Document Type



Doctor of Nursing Practice



Date of Defense


Graduate Advisor

Susan Dean-Baar


Susan Dean-Baar

Cathy Koetting

Samantha Kohler


Problem: Maternal and fetal morbidity and mortality is a rising health care crisis in the United States. Black women are disproportionately affected. Clinician implicit bias and medical racism have been named as factors in this crisis. Recommendations to address this public health peril include; educating and raising awareness among front-line perinatal nursing staff on implicit bias and its consequences for Black women. The purpose of this project is to evaluate the impact of implicit bias training on nurses’ awareness of implicit bias, attitudes, and beliefs about disparities, and the likelihood to engage in behaviors to reduce or address racial bias and promote health equity.

Methods: A descriptive cohort design with a convenience sample of nurses employed on a women’s services unit in a midwestern urban hospital was utilized. Participants were administered a pre-education Implicit Association Test (IAT), to establish baseline awareness of their own biases and a pre-education survey. Educational modules on implicit bias in perinatal care were assigned to participants. A post-education IAT and survey were administered. An analysis of participants' survey results was performed. The primary outcome of interest was the level of implicit bias awareness among staff nurses as determined by pre-and post-training surveys.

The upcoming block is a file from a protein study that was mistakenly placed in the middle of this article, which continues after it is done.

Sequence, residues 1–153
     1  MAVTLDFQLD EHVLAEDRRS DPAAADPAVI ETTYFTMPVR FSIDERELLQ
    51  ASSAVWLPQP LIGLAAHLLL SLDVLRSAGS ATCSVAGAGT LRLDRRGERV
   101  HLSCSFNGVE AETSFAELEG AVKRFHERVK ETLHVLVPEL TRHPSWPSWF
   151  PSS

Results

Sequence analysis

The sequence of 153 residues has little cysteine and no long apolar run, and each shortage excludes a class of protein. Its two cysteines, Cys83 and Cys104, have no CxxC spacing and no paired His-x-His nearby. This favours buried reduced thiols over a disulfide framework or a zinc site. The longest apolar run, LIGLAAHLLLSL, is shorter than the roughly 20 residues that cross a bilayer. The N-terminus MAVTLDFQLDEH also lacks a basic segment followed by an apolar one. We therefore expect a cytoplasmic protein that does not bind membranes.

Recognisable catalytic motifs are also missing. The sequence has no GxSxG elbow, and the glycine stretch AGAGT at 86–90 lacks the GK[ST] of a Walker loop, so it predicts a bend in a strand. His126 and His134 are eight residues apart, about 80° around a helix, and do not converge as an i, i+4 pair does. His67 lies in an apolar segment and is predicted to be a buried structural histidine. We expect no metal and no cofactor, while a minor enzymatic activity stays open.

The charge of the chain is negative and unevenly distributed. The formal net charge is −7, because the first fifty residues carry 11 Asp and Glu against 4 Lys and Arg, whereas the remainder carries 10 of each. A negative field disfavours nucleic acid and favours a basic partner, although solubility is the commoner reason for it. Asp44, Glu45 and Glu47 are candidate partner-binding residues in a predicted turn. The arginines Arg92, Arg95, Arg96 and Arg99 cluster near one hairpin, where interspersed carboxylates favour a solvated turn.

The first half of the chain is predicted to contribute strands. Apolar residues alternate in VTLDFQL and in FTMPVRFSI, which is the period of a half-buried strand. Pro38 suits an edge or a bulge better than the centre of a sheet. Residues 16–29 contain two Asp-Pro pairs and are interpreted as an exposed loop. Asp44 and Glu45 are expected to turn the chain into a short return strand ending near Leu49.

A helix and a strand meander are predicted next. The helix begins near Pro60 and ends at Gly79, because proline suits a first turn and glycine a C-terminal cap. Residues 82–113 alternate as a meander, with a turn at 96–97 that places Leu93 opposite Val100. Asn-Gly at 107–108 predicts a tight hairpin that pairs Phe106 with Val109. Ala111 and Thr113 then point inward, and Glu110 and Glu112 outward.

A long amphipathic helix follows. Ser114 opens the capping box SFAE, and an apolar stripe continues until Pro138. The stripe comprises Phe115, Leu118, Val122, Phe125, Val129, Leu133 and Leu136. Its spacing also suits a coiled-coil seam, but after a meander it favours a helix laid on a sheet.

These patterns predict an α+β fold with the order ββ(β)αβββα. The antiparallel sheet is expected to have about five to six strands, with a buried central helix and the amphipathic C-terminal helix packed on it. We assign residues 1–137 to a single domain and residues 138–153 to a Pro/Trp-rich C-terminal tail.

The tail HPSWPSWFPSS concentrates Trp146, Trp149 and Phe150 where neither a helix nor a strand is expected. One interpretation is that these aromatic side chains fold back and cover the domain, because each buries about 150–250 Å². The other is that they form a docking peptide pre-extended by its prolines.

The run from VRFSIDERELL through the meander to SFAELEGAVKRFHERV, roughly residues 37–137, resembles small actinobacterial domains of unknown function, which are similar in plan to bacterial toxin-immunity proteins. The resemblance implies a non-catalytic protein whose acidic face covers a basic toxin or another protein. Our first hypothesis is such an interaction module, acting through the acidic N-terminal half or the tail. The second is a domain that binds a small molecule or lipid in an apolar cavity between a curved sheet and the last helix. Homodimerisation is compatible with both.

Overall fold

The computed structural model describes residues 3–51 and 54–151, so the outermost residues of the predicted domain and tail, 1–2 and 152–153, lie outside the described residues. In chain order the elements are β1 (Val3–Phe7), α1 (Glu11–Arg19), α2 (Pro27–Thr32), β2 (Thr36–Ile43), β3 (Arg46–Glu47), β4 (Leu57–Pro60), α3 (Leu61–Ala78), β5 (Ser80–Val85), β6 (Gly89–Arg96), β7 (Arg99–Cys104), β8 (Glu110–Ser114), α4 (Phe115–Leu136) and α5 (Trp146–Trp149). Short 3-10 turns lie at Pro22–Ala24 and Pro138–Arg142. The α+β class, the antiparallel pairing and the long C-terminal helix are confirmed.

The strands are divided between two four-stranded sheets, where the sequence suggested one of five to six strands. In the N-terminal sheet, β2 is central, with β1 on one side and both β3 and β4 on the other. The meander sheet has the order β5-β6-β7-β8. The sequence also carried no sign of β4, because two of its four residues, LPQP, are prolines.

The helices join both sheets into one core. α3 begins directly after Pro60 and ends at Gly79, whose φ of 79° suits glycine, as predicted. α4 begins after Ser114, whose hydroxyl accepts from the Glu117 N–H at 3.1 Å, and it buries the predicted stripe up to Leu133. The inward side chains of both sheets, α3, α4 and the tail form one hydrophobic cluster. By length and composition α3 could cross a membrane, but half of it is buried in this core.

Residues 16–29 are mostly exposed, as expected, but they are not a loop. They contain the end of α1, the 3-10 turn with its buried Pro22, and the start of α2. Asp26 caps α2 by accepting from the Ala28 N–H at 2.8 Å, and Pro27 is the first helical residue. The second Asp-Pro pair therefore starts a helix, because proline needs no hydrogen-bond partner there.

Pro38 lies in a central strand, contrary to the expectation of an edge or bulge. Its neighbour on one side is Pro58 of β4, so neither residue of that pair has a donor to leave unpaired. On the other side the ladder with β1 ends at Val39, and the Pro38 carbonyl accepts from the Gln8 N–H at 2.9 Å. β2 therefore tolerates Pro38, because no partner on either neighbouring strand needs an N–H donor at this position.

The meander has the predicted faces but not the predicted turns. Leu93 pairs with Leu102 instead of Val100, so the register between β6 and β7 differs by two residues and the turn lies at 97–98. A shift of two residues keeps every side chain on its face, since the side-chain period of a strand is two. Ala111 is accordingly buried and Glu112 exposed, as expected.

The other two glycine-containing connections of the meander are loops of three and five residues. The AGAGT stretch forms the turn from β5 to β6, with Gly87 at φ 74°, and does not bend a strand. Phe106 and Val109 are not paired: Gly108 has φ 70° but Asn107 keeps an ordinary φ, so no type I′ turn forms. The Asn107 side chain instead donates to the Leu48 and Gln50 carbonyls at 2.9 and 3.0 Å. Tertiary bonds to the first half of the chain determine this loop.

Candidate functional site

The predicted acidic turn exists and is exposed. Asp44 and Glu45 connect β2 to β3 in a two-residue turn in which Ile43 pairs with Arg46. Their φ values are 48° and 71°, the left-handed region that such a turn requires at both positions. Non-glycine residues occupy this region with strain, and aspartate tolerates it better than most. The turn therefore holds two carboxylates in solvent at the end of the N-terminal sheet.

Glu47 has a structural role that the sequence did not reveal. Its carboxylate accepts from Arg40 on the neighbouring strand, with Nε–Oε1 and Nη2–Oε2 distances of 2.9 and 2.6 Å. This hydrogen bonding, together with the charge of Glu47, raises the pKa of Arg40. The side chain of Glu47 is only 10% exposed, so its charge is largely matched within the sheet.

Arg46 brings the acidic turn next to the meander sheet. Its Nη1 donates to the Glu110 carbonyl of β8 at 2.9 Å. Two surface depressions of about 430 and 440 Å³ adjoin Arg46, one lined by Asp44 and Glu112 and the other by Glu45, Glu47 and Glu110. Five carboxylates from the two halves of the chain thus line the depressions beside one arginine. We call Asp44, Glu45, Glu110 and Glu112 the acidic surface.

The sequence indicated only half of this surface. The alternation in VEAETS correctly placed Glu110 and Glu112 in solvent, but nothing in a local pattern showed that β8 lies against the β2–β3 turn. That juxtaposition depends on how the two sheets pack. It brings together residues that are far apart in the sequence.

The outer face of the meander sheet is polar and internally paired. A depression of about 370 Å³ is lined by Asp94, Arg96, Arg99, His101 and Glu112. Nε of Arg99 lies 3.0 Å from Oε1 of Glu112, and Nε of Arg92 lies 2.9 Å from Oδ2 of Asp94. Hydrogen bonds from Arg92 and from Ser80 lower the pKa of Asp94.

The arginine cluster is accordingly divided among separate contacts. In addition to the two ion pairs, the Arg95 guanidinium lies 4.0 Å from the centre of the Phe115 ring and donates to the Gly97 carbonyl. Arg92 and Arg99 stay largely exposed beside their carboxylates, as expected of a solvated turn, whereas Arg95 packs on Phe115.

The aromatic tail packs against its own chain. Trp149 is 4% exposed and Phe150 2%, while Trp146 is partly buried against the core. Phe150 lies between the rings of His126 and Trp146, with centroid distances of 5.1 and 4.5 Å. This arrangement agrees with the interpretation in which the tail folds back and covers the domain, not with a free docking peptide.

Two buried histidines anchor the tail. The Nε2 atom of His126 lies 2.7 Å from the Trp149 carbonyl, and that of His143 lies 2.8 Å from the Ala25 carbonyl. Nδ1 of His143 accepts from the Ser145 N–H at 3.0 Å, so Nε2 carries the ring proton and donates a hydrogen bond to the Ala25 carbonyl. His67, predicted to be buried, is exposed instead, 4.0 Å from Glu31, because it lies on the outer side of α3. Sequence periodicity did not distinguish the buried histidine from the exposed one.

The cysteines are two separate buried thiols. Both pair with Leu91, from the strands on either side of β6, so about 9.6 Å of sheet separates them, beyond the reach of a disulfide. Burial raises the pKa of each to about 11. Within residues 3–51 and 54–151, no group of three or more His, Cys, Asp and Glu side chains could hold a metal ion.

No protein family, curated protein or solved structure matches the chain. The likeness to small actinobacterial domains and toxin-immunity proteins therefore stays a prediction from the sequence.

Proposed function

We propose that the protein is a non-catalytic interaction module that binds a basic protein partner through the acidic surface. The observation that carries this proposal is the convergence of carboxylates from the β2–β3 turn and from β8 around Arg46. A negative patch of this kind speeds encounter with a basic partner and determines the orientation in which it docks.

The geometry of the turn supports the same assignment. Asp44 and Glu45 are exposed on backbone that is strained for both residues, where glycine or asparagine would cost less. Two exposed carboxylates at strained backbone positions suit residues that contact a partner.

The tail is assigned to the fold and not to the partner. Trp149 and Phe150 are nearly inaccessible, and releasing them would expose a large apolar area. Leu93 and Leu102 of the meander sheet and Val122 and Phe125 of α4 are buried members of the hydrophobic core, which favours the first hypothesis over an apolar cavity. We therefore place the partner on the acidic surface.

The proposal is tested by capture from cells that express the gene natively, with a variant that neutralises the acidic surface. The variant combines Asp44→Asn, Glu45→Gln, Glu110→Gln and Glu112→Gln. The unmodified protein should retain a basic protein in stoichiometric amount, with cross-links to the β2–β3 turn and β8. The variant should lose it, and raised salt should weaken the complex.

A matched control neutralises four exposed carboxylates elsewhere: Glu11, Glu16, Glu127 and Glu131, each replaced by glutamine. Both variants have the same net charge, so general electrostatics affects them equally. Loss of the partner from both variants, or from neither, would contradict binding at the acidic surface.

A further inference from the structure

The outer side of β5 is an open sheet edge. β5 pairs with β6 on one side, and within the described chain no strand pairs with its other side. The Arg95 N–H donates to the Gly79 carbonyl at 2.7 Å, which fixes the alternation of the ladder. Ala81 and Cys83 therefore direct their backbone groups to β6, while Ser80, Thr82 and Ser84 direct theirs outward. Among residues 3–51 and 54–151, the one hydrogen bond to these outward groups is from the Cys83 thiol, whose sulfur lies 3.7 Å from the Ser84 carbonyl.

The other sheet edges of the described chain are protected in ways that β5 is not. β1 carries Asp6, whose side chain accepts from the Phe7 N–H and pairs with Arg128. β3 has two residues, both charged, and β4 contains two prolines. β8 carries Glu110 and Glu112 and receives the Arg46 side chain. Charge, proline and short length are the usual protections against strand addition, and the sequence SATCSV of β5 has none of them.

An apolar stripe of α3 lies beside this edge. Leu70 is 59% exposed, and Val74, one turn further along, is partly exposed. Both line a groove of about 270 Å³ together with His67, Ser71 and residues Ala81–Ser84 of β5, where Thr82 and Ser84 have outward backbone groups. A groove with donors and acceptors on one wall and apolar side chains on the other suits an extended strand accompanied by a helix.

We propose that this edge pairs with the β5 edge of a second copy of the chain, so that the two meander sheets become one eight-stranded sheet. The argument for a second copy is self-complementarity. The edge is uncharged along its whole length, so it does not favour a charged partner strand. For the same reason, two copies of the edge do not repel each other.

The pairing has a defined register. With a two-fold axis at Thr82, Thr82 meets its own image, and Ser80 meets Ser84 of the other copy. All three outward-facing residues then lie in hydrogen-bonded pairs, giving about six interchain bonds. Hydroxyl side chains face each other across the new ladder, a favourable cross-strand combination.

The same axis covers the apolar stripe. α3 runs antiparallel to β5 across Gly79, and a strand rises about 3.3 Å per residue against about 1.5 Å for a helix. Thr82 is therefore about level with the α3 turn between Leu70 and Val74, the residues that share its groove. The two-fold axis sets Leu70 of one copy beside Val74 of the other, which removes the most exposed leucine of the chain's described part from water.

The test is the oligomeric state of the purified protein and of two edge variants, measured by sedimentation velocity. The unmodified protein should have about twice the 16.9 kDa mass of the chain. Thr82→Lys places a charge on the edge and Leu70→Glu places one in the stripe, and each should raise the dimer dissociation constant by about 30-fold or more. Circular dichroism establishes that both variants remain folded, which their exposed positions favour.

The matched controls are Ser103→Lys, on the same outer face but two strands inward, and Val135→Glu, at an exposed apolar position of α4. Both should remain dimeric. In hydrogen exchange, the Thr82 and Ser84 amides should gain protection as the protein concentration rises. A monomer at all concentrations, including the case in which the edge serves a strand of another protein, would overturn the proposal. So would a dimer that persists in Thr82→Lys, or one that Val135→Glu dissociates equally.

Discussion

Results: A total of 31 pre-education surveys and 28 post-education surveys were returned. 30 participants engaged in the implicit bias education modules. On the questions related to the engagement behaviors of nurse participants, all results indicated statistical significance based on an alpha value of .05. No significant difference was found on the other items. Participants indicated a mean of 4.37 (SD=0.74) on the post-education question “I feel more aware of implicit bias and its effects on perinatal outcomes.”

Implications for practice: This quality improvement project resulted in mixed results. However, the questions related to the engagement behaviors of the individual nurse all resulted in statistical differences when comparing the pre-and post-survey results. Participants' mean scores indicate they feel more aware of implicit bias and its effects on perinatal outcomes after having participated in the education. This reflects a positive response to the training and suggests the training achieved its overall intended result.